I know you’re short on time. Which is why I try, through these articles, to give you quick and easy information you can really use. Without a lot of stories and fluff you don’t.
Who has the time? You’re a homeschool parent. There’s a lot to think about.
I get that.
So, real quick, I want to share an important idea. It’s one you might not be familiar with, since it’s one not everybody remembers to tell you.
It’s a shift you need to make if you’re homeschooling high school.
It’s a crucial shift for college-bound students especially.
First, the backstory.
The one where your teen needs to finish a boat load of requirements before graduating high school, if they want to be successful, that is. Which I agree with. They have to. I write about those requirements on this web site quite a bit (start here if you’re not sure what I mean).
Your student really does need all that stuff, especially if they’re college bound. It’s pretty much assumed that all applicants will show up with them. Your student could be at a serious disadvantage if they don’t.
Now, here’s the shift.
There’s actually more to high schooling than just requirements. It’s easy to forget that we’re in the thick of day to day learning. But, it’s important for success, so you have to work this stuff in, too. The shift is about making room in your schedules and prioritizing all this other stuff, too.
I’m talking about stuff like volunteering in and around the community; working community service projects, whether short or long term; having outside interests, maybe in clubs or groups or classes; leadership activities, like Eagle projects or being on the board of a student-run organizations; and anything else that is different from what goes on in the classroom.
It might be a hobby or a part-time job. It might be interning somewhere or helping with a family business. It might be caring for a family member or helping with routine child care around the house.
Basically, everything besides regular coursework is the stuff I’m talking about. It’s the other half of high schooling that many people forget.
Here’s a visual:
1/2 academics + 1/2 everything else = 1 high school experience
Or, probably more accurately for some families, this:
3/4 academics + 1/4 everything else = 1 high school experience
The exactly proportions are up to you.
Why is that stuff important, you ask? How is your kid supposed to have time for some of that?
With creative scheduling and lots of parental support it can be done. All that driving around town, waiting endless hours for your kid to finish, shopping for supplies, and stuff like that. When you’d rather be doing something else, anything else, and sometimes it’s boring as heck, plus the house is a wreck and there’s nothing for dinner, but you’re doing it for your kid. Those kinds of things.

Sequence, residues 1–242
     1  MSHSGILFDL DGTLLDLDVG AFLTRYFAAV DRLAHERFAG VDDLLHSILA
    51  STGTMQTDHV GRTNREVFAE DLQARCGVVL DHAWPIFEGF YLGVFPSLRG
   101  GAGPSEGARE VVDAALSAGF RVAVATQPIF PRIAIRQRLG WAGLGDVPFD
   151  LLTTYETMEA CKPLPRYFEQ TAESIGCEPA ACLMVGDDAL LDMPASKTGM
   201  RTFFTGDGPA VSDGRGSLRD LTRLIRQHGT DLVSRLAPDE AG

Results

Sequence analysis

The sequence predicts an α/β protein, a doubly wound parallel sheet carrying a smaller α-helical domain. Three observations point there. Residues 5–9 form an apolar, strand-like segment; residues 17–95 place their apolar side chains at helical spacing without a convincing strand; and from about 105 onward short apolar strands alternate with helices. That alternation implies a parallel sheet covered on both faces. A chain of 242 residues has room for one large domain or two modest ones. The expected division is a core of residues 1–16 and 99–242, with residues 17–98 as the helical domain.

And it’s important for those college interviews, where your kid will get asked about stuff exactly like this. Interviewers want to know about coursework, true, but because lots of students apply with the same grades and the same coursework, it’s the stuff that can help your student stand out.
Plus, it’s fun. It’s needed. It’s important for your teen’s well-being. Who wants to be trapped in the house or seated by the computer all day anyway?
It’s important for scholarship committees that specifically seek applicants with certain areas of interest, beaucoup volunteer hours, and passions that lie outside the mediocrity of traditional high school coursework.
Makes sense, doesn’t it?
The shift is to give as much attention to coursework and requirements in high school as you do all this other stuff. I know it’s easy to forget , so let this be a reminder to incorporate “outside” things “inside” your home education program.
Your teens will thank you for this, by the way. They’ll appreciate your slight de-emphasis from lessons, grades and assessments, and the opportunity to delve into other areas of their lives. They’ll be better for it in the long run, too. You all just don’t realize it yet.
To your success,
Have you read my “Top Ten High School Fears” series? If not, find it right here.
Dr. Marie-Claire Moreau is a college professor who traded in her tenure to become a homeschool mom 20+ years ago. A homeschooling pioneer and the founder of many groups and organizations, she works to advance home education, and is an outspoken supporter of education reform coast to coast. Her book, Suddenly Homeschooling: A Quick Start Guide to Legally Homeschool in Two Weeks, is industry-acclaimed as it illustrates how homeschooling can rescue children and families from the public school system, and how anyone can begin homeschooling within a limited time-frame, with no teaching background whatsoever. A writer, a homeschool leader, and a women’s life coach, Marie-Claire mentors in a variety of areas that impact health, education and lifestyle. A conference speaker, she has appeared at FPEA/Tampa, H.E.R.I., HECOA, Start Homeschooling Summit, Luminous Mind, Vintage Homeschool Moms, iHomeschool Network, and other events. Her articles have appeared in and on Holistic Parenting, CONNECT, Homefires, Homemaking Cottage, Kiwi, Circle of Moms, and hundreds of sites and blogs nationwide. Marie-Claire can be reached at firstname.lastname@example.org.
Check out Marie-Claire’s new book for Florida home educators HERE.